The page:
Ride-hailing company Uber is urging the federal government to make greater electric vehicle (EV) investments in poorer and inner-city neighborhoods, arguing such areas should be prioritized for newer infrastructure.
Uber made the appeal in a comment to the Department of Transportation as DOT pushes to support development of a nationwide network of EV charging stations. Uber said “traditional EV policies” have ignored everyone who doesn’t own a private car.
Federal and private investments “have overly prioritized residential charging for homeowners in high income areas,” Uber wrote, adding funding for electrification — and the benefits in emissions and air quality — have bypassed poorer communities.
The ride-hailing company argued there is a fiscal advantage to bringing electric charging to high-density, low-income urban areas where many people use driving rideshares — such as Uber.
“External peer-reviewed research shows that when rideshare drivers switch to EVs, they can deliver three times greater emissions savings than when average car owners do. Our own analysis suggests as much as four times the emissions savings is possible in this scenario,” Uber wrote.
Funding for a nationwide network of EV charging stations was included in last year’s roughly $1.2 trillion bipartisan infrastructure law, which President BidenJoe BidenWhite House lights up in red, white and blue to cheer Team USA for Olympics Kansas governor vetoes proposed redistricting map Overnight Energy & Environment — Biden’s Fed pick draws GOP heat on climate MORE signed in mid-November.
The law provided roughly $5 billion in funding for states to build an “interconnected network of EV charging stations along highway corridors,” according to the Federal Highway Administration, with another roughly $2 billion in grants for projects that increase accessibility to electric vehicle charging and “alternative fuels.”
The Biden administration wants to put in 500,000 chargers to support EVs, which they hope to make up 50 percent of new cars by 2030. Now it’s up to the DOT and Department of Energy (DOE) to determine everything else about the charging stations, from where they go and who gets to install them to what electrical standard they use and how far apart they’ll be.
These are decisions that will have an outsized impact for decades on how Americans work, travel, live and play — particularly since, with Biden’s Build Back Better Act stalled in Congress, it is not clear whether any more federal electrification dollars will be coming anytime soon.
Adding to the tension is the fact that the electrification money is structured as a “formula grant,” where states can get money for projects only if they meet certain federal standards, like number of charging stations per person, per block or per mile.
Uber is dependent on the ability of its drivers — who disproportionately rent homes and tend to be lower income — to charge their cars, and so wants to see investment in public charging infrastructure.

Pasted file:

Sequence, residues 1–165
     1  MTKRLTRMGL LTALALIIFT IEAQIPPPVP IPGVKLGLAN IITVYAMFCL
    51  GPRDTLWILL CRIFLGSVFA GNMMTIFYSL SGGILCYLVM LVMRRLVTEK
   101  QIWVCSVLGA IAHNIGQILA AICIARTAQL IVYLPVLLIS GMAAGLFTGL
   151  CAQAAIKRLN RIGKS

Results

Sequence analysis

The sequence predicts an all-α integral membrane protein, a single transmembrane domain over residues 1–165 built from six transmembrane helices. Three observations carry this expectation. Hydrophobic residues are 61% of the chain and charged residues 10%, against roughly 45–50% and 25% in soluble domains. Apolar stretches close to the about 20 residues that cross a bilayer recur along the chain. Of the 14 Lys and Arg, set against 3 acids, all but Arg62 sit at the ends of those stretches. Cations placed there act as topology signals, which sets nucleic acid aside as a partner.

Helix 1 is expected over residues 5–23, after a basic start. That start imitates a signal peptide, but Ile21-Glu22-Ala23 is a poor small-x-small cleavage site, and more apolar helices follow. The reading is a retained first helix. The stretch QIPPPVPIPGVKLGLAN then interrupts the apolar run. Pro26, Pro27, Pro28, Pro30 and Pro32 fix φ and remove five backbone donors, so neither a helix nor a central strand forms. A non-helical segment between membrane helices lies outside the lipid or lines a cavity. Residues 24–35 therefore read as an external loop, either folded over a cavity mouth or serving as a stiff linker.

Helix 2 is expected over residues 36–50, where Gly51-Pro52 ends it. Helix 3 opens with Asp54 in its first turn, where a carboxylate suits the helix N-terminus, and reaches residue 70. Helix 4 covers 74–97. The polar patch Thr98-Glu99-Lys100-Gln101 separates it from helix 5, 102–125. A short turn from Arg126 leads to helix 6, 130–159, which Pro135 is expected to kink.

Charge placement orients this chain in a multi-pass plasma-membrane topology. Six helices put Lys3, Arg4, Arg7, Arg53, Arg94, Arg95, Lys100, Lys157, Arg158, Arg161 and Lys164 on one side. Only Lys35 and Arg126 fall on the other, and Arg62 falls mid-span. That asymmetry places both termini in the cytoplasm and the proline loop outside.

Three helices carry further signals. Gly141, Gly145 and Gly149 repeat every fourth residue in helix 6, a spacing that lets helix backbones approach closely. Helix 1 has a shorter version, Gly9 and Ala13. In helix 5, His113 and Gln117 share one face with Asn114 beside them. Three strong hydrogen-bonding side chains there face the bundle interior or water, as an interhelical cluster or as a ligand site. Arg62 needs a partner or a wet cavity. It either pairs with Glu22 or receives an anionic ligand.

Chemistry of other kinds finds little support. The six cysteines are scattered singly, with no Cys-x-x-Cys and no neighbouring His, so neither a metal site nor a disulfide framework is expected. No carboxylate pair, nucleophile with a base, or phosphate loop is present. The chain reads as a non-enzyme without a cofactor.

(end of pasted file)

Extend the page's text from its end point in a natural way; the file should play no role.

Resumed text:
The company is not alone in touting the sustainability benefits of such an investment. In its comment, the World Resources Institute (WRI) also requested the DOT invest in electric charging stations mounted on light poles — “an innovative, practical solution to provide on-street public charging to drivers,” which it said is up to 70 percent cheaper than a ground-mounted charger and less likely to flood.
Comments that have flowed in to the DOT recently offer a glimpse of companies’ competing views on the future of the transportation system.
Fossil fuel company Shell Oil, for example, is investing in renewable energy — $3.2 billion since 2016 — but has spent around 25 times that over the same period on its oil business. In its letter, Shell advances an “all-of-the-above” energy strategy that includes funding for methane and hydrogen fueling — both currently produced from fossil fuels.
TravelCenters of America (TA) recommended the federal government consider the recharging driver’s needs for snacks, entertainment and a clean bathroom — and the cost-savings that come with partnering with a company that has already shown it can provide those things.
“With a typical one of its travel centers situated on 25 acres of land, TA has the scale and infrastructure proximity to incorporate lower carbon fuel and alternative energy resources into its broad range of fuel offerings,” the organization wrote.
Like Shell, TA advocated the use of on-site battery storage powered by on-site power generation to charge local “microgrids” for motorists. It did not specify that this power generation should be from renewable sources, and like Shell it advocates for “alternative fuels.”
And Tesla, the leading manufacturer of electric vehicles as well as storage batteries, made the case for a charging system built around large charging, commercial and entertainment complexes like its own existing Supercharger facilities — or TA’s current gas stations.
“Customer experience impacts are minimal or non-existent if 2 stalls are temporarily offline at a 20-stall charging station. But customer experience can be distressingly poor if 2 stalls go off-line at a 4-stall station,” the company wrote.
Like TA’s proposal, Tesla’s involves storing power in huge on-site batteries — but rather than charging them from on-site power plants, it would strike deals with local power utilities.
The Western Governors’ Association, pointing to the critical highways that cross its members’ sparsely populated and lightly electrified expanses, requested both that the federal government pay a higher share of the cost of installation and not hold Wyoming or Montana to the same standard of electric charging density as California or New York.